While we all adapt to expectations or social norms in some way or another, particularly in this social media-Insta-Tik Tok age, we as a society are all performative. For clicks, likes, money, whatever. The rise of the (fake) Influencer is the best and worst example of that very thing, taken to typical extremes to get attention.
If and when we realize this, then how do we reclaim the geography we gave up to be acceptable and loved, most importantly by ourselves?
This "performative" theme is part of what I am taking on this year. But not today. Here I am going to end with a poem I composed thirty-six years ago.
Dancing in the Audience turns out to be prescient as well as predictive. At the time it flowed out of me whole, complete. Such work is terribly rare. In my case, this is as honest as it gets.
I've done some big work around this, including quitting corporate work to do adventure travel. That's just one example of a string cut. But in our emotional lives, those are harder. And therein lies one of the next great opportunities.
As I face seventy, Dancing has circled back around in a big way. As I balance on the cusp of seventy, I am revisiting this theme with a very different eye, heart and soul. I am twice as old as the day I wrote this. Perhaps it's finally time to see what else I need to release in order to expand the life I get to live on my own terms.
I offer it here to anyone who has ever questioned their authenticity, with the same invitation that I offer myself: what puppet strings need to be cut so that we can dance to our own tune?
Dancing in the Audience
All my life I’ve heard the sound
Of footsteps tapping on the ground
The ground a vast and well-lit stage
With bars around to form a cage
The footsteps tapping there were mine
To tunes I never could define
And looking out beyond the bars
Into the night I saw the stars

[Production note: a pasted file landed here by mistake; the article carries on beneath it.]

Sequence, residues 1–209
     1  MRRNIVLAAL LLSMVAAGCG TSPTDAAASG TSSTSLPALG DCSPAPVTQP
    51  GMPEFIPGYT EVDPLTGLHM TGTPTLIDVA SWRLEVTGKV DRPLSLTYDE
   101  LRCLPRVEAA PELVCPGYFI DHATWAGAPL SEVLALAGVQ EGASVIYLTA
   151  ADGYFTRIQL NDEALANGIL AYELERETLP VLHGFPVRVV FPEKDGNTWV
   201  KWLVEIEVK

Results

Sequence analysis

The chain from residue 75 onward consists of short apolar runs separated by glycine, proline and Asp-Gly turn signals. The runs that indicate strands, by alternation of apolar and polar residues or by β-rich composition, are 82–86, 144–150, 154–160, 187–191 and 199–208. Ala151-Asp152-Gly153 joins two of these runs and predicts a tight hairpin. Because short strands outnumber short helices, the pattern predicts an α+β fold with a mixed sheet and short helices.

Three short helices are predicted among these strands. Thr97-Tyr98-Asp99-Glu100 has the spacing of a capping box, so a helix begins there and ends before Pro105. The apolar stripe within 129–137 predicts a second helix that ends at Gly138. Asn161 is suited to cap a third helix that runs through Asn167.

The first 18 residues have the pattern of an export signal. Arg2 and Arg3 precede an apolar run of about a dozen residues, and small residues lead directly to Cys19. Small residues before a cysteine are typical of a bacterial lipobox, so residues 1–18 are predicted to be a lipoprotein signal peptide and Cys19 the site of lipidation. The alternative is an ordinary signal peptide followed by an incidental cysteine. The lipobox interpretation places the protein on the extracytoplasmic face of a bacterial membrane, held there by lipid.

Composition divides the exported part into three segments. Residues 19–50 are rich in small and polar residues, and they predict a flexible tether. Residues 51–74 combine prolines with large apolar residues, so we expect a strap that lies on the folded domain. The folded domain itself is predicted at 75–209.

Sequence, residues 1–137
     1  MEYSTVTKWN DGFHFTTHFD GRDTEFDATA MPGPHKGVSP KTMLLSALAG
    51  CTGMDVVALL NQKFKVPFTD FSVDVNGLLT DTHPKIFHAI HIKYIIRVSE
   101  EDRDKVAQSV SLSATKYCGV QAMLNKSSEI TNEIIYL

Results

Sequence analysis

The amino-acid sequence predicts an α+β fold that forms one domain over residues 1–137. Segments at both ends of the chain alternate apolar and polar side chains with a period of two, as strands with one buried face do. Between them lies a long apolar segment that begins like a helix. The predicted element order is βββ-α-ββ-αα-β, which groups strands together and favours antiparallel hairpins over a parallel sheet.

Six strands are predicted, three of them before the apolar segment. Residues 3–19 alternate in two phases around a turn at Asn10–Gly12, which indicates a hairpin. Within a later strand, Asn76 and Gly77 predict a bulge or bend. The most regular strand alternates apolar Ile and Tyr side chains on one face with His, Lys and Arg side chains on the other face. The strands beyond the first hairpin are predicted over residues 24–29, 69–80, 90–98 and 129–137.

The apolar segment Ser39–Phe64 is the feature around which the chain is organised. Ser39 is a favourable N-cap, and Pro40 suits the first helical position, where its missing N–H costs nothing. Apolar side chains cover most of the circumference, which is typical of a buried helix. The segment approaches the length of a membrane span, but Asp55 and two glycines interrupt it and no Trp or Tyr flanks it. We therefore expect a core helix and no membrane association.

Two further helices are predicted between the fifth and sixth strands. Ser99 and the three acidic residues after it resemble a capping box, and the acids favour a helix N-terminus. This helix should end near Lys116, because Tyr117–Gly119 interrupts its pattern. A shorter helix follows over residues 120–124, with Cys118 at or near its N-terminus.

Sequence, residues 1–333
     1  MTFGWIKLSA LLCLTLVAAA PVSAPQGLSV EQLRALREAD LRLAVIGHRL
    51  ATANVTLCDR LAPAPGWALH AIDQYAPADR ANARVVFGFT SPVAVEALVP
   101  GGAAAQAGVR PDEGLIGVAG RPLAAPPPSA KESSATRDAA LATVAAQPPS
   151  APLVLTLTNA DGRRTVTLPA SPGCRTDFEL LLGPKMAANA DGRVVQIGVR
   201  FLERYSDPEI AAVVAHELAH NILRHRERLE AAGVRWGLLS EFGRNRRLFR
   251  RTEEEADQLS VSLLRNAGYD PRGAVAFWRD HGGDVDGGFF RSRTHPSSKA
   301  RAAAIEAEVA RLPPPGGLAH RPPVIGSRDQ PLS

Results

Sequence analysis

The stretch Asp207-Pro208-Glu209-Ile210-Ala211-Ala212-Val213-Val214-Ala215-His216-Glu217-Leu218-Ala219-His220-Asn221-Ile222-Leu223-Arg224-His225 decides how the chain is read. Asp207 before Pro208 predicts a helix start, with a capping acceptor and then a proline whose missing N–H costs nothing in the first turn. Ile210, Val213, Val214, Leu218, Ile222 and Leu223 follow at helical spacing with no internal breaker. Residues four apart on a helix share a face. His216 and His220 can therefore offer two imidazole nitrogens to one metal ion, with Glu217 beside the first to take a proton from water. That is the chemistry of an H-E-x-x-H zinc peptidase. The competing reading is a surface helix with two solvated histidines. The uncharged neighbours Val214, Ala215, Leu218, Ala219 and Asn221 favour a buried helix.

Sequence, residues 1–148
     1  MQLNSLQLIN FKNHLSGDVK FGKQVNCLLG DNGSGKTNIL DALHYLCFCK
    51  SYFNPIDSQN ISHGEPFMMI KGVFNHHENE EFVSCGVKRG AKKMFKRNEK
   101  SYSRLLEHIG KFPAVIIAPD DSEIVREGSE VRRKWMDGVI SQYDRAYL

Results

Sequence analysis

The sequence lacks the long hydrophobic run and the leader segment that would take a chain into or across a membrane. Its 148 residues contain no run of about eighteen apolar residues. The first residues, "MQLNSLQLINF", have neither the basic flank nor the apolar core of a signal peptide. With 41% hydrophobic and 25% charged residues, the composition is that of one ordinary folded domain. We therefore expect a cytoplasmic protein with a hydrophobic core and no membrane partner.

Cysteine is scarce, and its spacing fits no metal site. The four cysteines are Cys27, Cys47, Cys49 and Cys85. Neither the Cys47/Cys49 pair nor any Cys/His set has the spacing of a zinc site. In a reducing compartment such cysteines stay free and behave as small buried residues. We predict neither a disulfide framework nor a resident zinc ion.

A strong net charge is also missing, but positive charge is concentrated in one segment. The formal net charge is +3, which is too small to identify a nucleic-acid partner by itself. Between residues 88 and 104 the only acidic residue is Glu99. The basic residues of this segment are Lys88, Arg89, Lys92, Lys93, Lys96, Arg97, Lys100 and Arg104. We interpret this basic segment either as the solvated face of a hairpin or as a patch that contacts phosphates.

Below them was a vast array
Of platform seats of hardened clay
I’d make up personalities
To sit in judgement there of me
From those seats the music roared
And high into the air I soared
To finally fall into a heap
Only wanting rest and sleep
But never did I hear applause
Or get an encore there because
The performance over, I would see
The clay seats empty. Still for me,
I wanted music. So I thought
To dance at all I must be caught
By someone else’s tune. And so,
To let me dance, I made it so.
But one day in my melted clump
Of tired flesh I felt a lump
Of something hard just fitting there
I pulled a key into the air
With hesitance I sought the door
That I had faced so oft before
Slipped in my key to hear it fit
The door swung wide. I stepped through it.
A terrible crash! A crunching sound!
My stage and cage fell to the ground!
And in the silence I stood there
To hear faint clapping in the air
My audience of stars and sky
Were joyful for my choice to fly
A moment’s quiet…then I thought,
“But where’s the music?” And I sought
To find those faces with their notes
But all I found were only motes
Of stardust twinkling in the sky
I breathed in deeply, then with a sigh
Out of me came a wondrous blend
Of notes and joy enough to send
My body dancing! Off I leapt
Towards the platform, up the steps
In celebration for this song
Was what I’d wanted all along!
So with my song and precious dance
I’m dancing in the audience
And when I need a moment’s pause
I sit amidst my own applause.
@Julia Hubbel 1987